Cartier-Bresson, H. (1948). Mahatma Gandhi’s last days and funeral procession, 1948. [online] Magnum Photos. Available at: [Accessed 23 Mar. 2017].

Kim, E. (n.d.). Don’t Think About Composition When Shooting Street Photography. [online] Eric Kim Photography. Available at: [Accessed 23 Mar. 2017].

Short, M. (2011). Context and Narrative. 1st ed. Lausanne: AVA Publishing SA, pp.96-119.

Research into Henri Cartier-Bresson and Lewis Hine

Henri Cartier-Bresson was one of my favourite photographers before starting documentary and I had recently come across Lewis Hine, where I appreciated his connection with the subjects of the environmental portraits and admired his dedication to photographing the children working. Because I could foresee myself attempting to capture decisive moments at the brewery, Henri Cartier-bresson’s work became of more interest to me. Also, because I could see a connection with some of the children’s environmental portraits in Lewis Hine’s work, I felt this could help me show my connection to the brewery workers for Assignment 1 as part of the brief was to show my engagement with the people and their context.


The reason I felt the decisive moment would be important in the brewery was that it was quite a confined space. I would have to choose the right backgrounds and wait for a decisive moment or else work quickly and efficiently in finding a good composition for my photographs with the people in or outside the brewery. Henri Cartier-Bresson in my eyes was the master of the former of these two options and although I didn’t feel I would capture such charming decisive moments as he did, I could at least take the more literal sense of the phrase and press the shutter at the exact moment I felt the decisive moment was occurring. Also, I could move my feet especially seeing as I was using a prime lens to get a more decisive moment. While he worked exclusively in black and white (presumably to bring out the compositional elements, I was fairly adamant I would be working in colour. This was so the vibrancy of the brewery was evident which was the case in the times I had visited before.


‘Cartier-Bresson clearly saw photography containing a capability to document everyday life, where even mundane scenes can be defined through their decisive moments’ – (Errington, R. 2014) found at: accessed on 18/11/2016). This quote for me typified what the decisive moment stands for in my head. This concept would also be useful to me in regards to the assignment because although the brewery and its people were special to me, they wouldn’t seem special to the viewer in any way without the addition of a decisive moment for the photography. My documentary photography would be improved by the decisive moment because it was me who pressed the shutter at that particular time and so my interpretation the scene. Therefore, it would potentially show some of my engagement with my surroundings, in this case my community.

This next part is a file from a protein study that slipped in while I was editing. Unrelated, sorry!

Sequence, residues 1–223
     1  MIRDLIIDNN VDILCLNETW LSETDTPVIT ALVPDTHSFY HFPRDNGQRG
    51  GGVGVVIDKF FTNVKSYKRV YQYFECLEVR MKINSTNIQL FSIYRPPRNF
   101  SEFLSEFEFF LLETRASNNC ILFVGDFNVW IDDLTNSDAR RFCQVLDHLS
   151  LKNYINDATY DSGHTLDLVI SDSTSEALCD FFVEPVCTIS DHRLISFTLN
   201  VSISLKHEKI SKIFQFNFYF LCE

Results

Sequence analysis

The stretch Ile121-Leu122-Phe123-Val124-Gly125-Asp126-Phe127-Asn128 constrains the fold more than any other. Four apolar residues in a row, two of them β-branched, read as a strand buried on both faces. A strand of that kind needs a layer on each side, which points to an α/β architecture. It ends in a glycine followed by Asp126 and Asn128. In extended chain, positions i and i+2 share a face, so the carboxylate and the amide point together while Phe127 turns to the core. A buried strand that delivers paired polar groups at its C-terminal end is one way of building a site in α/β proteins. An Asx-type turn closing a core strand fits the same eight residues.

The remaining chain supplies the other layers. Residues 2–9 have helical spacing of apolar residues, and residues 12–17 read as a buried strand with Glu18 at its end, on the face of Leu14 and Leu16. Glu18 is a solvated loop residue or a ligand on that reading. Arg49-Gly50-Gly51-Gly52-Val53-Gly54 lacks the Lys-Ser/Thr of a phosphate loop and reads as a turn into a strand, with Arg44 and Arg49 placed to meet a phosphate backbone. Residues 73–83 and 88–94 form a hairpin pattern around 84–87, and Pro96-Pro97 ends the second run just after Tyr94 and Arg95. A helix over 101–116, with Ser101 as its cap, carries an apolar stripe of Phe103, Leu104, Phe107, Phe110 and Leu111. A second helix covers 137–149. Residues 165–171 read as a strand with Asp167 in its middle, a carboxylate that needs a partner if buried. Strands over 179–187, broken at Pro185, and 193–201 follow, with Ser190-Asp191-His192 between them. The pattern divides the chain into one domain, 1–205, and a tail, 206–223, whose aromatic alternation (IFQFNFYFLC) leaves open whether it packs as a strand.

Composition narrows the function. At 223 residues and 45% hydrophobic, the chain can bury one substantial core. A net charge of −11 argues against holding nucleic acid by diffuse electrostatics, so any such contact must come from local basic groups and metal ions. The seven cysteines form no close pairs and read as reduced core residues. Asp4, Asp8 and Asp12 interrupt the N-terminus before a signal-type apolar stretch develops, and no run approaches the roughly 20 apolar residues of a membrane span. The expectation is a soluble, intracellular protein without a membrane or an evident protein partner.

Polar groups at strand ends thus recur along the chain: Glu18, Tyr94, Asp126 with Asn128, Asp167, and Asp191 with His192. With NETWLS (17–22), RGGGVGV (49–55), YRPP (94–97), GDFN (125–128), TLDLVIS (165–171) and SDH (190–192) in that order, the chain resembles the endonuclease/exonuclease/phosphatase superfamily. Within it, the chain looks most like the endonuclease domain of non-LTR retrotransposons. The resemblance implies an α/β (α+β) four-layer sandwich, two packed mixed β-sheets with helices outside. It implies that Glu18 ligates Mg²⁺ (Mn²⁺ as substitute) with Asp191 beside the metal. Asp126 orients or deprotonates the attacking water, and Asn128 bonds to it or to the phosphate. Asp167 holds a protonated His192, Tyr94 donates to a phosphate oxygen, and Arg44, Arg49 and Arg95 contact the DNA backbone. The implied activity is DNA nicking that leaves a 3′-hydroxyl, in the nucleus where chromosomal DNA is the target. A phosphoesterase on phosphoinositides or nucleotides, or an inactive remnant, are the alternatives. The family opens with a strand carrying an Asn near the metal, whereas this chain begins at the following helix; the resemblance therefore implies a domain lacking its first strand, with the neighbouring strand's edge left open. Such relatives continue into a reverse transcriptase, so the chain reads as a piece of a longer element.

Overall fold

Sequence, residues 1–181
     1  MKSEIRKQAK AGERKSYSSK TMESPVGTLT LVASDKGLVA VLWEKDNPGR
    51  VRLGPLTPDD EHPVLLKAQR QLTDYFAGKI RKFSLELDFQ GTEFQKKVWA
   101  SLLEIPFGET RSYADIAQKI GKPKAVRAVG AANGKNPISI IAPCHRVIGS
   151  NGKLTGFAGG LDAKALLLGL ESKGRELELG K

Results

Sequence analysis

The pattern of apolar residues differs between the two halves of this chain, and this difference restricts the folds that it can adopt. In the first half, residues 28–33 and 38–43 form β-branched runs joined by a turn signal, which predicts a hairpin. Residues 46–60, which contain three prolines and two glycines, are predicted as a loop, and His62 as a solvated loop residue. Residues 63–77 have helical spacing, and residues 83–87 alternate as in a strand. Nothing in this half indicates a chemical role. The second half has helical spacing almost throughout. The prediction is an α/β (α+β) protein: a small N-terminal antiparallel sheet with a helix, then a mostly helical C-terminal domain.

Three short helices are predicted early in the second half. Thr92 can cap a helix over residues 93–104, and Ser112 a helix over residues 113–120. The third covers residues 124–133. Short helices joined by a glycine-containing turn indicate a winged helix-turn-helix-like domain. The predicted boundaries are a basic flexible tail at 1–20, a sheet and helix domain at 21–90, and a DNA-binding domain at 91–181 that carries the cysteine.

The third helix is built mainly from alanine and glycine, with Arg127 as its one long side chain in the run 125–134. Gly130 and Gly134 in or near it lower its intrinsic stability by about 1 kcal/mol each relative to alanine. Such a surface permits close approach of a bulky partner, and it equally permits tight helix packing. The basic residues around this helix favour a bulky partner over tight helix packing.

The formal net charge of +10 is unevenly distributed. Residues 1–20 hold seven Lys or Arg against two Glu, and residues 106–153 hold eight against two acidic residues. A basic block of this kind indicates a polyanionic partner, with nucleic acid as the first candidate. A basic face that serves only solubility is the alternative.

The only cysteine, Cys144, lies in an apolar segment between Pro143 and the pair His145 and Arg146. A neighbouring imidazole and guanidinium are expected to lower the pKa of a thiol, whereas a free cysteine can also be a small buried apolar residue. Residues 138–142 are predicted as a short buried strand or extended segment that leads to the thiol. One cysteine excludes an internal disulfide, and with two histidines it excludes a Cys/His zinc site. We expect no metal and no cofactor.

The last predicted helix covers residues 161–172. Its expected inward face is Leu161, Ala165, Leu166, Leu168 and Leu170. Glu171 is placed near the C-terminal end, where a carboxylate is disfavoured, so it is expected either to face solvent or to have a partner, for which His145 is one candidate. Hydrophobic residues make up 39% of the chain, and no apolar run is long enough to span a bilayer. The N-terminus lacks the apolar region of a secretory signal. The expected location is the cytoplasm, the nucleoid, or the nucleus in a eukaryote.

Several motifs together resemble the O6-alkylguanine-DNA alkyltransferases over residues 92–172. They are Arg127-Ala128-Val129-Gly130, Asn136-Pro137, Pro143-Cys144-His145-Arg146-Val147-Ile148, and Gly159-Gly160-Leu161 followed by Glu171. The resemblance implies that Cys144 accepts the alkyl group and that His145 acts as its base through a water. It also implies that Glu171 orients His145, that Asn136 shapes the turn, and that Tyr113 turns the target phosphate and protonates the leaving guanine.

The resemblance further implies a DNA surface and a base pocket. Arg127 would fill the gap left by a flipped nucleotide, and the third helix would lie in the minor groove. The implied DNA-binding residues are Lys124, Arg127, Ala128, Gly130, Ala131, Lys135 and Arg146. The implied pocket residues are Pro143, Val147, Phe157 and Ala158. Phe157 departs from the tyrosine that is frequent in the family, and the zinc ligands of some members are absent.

Another quote form the same article I found interesting: ‘photography illustrates the capability of documenting decisive moments in any scenario, due to its universal quality’ – (Errington, R. 2014) found at: accessed on 18/11/2016). This is in relation to Henri Cartier-Bresson’s concept of it and makes the decisive moment a powerful tool unique to photography in my eyes because it can capture a split-second unlike painting for example. I would try to utilise photography’s capabilities of the decisive moment by applying it to my local brewery in order to record moments not possible by other media. In doing so I could elevate what to others may well be everyday activity to instead offer an insight into my community and my engagement with it.


I had discovered the work of Lewis Hine when looking for documentary photographers. His photographs stood out to me as him having a very strong connection to the subjects, where a bond was palpable especially where eye contact with the subject was present. This was true even though most of the photographs I looked at were environmental portraits and as I envisaged taking photographs of this kind, I felt this was something I could learn from.


I found at: (accessed on 18/11/2016) a fascinating article by National Archives (n.d.) entitled Teaching With Documents: Photographs of Lewis Hine: Documentation of Child Labor concerning Lewis Hine’s reasoning when taking the child labor photographs and his thought process while taking them. I ascertained he realised context was crucial for his photographs to become useful documents, therefore: ‘To obtain captions for his pictures, he interviewed the children on some pretext and then scribbled his notes with his hand hidden inside his pocket.’ – (National Archives, n.d.). Also insightful for me was that ‘Hine defined a good photograph as “a reproduction of impressions made upon the photographer which he desires to repeat to others.”’ – (National Archives – n.d.). I found this insightful because the photographer’s work is then subjective rather than objective and by offering an insight into the world of the photographer’s subjects, the viewer is given an opportunity to gain an understanding of not only that world but something of the photographer too.


By combining both Cartier-Bresson’s ‘decisive moment’ and Lewis Hine’s ‘photo-interpretation’ – (‘Because [Lewis Hine] realized his photographs were subjective, he described his work as “photo-interpretation.”’ – (National Archives n.d.)), I could perhaps begin to create my decisive moments with my own style in the photos I would be taking for the brewery. Therefore I might give insight for the viewer into my interpretation of the brewery.